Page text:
She must be stopped

Jenny McCarthy is going beyond claiming that vaccines are dangerous, she’s claiming that her son has been “cured” of autism. As opposed to, say, “my son’s autism was not as severe as we previously though and with intensive sensory and neurodevelopmental treatment he has improved significantly compared to his previous functioning when he didn’t have any of those adaptations or treatments”.

Her claim betrays the assumption that autism is a static condition. That as a child ages and develops, the symptoms will be as severe as they ever were. This is not true of almost any disorder or illness. Especially considering that at about age 3, kids with autism begin receiving treatment that improves their condition. Some kids don’t get the intensive treatment that would improve them as much as possible because it’s expensive and time-consuming, so they have to settle for functional rather than global improvements. McCarthy however has the money to give her child everything he needs and more so.

Children with autism have seen improvements with occupational therapy, speech/language therapy, and other skills development and sensory interventions. That does not mean they have been cured of their autism. That means they have learned the skills necessary to adapt and have worked harder than children without autism to become functional in their daily life. In a family with plenty of time and money, and in a child who was low to moderate on the spectrum of autism (if at all), there can be vast improvements in their social and functional behaviour compared to when they were younger.

McCarthy has been promoting her son’s improvement in relation to changes in his diet. However what she’s not mentioning is the other treatments her son would likely have received — even if it was not from trained professionals. If she gave him extra help in learning to tie his shoes or write? Occupational Therapy. Extra help in learning his words? Speech therapy. It may not have been correct or efficient, but extra attention in any skill is technically “therapeutic”. Consider also the changes she would have made to his environment such as sensory-stimulating toys. I find it disingenuous and insulting that she would pretend that all she did was change his diet and — poof! — autism gone. This from a woman who allegedly tried her son’s medication and assumed it would have the same effect on her, an adult woman, as it would on her tiny male child. This is just silly.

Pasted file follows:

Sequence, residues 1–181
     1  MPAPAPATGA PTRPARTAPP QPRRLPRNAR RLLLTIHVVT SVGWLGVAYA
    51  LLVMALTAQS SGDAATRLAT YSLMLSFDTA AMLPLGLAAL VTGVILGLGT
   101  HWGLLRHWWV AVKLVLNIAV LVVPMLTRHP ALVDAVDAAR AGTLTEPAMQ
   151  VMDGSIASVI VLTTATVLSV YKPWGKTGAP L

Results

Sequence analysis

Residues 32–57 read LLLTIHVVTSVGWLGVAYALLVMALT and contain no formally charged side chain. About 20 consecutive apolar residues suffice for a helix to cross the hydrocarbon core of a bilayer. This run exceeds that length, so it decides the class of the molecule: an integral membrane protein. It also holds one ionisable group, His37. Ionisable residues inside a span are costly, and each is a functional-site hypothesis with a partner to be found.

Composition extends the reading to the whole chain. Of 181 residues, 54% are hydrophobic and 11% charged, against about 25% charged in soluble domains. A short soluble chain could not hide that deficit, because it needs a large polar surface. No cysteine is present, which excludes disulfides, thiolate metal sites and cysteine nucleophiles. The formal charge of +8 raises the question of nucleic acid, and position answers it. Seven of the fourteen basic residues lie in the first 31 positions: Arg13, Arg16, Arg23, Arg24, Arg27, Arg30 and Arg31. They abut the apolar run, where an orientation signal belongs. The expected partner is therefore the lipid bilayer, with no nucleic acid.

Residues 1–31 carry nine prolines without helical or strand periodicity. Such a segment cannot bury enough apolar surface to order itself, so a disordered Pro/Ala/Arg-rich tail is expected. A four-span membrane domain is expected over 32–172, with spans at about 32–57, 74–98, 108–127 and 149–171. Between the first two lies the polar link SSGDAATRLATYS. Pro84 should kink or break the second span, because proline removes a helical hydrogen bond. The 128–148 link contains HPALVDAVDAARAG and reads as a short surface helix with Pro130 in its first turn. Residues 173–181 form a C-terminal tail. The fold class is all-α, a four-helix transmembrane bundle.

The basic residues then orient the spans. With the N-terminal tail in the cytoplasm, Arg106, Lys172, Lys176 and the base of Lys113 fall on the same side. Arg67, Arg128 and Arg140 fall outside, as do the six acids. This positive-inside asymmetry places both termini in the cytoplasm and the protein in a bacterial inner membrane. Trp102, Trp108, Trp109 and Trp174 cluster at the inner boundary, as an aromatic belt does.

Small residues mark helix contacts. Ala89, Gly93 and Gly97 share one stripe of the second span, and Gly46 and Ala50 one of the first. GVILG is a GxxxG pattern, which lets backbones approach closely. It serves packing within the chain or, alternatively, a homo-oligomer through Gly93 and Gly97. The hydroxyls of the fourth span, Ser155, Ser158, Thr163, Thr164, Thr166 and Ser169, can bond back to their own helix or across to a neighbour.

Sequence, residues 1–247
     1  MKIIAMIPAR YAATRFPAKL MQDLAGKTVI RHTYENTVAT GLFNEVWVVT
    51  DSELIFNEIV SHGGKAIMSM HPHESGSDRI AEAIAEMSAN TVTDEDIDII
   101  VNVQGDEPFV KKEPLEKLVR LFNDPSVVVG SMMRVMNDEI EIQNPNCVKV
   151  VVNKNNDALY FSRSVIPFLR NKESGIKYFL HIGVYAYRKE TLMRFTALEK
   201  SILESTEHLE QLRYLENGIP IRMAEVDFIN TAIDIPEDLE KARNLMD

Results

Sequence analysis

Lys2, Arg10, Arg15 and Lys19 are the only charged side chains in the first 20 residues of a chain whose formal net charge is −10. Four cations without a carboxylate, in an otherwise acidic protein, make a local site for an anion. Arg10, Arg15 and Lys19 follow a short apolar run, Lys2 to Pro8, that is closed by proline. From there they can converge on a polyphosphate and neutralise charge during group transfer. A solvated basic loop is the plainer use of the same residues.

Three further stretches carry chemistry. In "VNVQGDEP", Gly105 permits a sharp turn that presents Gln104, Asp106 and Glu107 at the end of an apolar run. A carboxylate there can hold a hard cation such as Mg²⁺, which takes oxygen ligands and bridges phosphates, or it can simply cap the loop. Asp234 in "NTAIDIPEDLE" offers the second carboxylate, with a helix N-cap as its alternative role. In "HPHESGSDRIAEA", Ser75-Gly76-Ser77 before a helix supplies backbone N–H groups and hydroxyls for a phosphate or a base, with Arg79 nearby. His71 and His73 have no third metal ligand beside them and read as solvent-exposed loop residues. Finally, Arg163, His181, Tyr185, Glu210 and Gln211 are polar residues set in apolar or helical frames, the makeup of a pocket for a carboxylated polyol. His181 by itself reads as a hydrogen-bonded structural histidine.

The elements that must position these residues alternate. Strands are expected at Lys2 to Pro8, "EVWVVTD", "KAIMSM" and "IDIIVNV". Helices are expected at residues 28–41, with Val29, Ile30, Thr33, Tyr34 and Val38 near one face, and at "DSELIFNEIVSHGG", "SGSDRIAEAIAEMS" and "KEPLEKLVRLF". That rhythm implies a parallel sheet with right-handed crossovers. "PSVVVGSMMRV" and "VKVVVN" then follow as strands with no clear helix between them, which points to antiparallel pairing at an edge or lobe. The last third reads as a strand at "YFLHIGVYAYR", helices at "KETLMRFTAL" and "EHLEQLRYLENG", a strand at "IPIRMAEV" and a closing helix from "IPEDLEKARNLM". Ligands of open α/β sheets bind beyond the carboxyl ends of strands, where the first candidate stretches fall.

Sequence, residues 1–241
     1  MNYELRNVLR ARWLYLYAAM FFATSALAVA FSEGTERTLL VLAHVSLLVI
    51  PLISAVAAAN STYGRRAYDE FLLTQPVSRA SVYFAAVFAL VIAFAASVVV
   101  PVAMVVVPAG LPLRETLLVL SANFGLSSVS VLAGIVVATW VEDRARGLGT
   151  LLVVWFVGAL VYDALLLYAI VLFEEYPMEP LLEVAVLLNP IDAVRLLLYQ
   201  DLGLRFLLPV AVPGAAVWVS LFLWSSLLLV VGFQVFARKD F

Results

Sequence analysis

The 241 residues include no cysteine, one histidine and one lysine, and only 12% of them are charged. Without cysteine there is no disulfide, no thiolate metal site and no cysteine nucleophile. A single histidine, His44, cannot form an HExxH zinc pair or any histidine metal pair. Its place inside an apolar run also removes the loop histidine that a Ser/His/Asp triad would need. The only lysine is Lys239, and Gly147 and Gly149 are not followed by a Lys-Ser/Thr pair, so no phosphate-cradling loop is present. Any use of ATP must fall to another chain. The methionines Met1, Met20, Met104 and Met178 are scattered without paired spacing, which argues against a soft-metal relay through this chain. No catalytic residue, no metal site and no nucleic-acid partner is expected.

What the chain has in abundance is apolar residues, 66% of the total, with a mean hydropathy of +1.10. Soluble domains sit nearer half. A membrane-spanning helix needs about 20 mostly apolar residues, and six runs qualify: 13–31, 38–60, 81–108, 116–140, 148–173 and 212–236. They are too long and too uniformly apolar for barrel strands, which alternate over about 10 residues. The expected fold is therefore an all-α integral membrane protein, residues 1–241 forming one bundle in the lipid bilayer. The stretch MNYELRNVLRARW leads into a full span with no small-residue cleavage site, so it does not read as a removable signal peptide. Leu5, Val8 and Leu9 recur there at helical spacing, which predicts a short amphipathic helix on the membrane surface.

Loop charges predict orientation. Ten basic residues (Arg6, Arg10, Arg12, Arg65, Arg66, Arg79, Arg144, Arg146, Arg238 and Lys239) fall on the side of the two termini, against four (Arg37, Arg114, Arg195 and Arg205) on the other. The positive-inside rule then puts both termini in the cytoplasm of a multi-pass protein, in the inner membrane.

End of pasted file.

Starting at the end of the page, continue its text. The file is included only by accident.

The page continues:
She’s also assuming that her son has autism, which he may not have ever had. The mere utterance of one diagnosis does not mean that it is correct. It means that, at that time and given that particular information, he appeared to be following an autistic pattern. Parents have the right to second opinions and further tests if they feel their child has been misdiagnosed. Doctors are not 100% right 100% of the time — this is not a fault, it’s just reality. It is a parent’s responsibility to make sure that they get multiple opinions if they feel they should so their child received the correct therapy for their condition. If she thinks he was misdiagnosed, fine, but she shouldn’t pretend that he was cured of something he may have never had.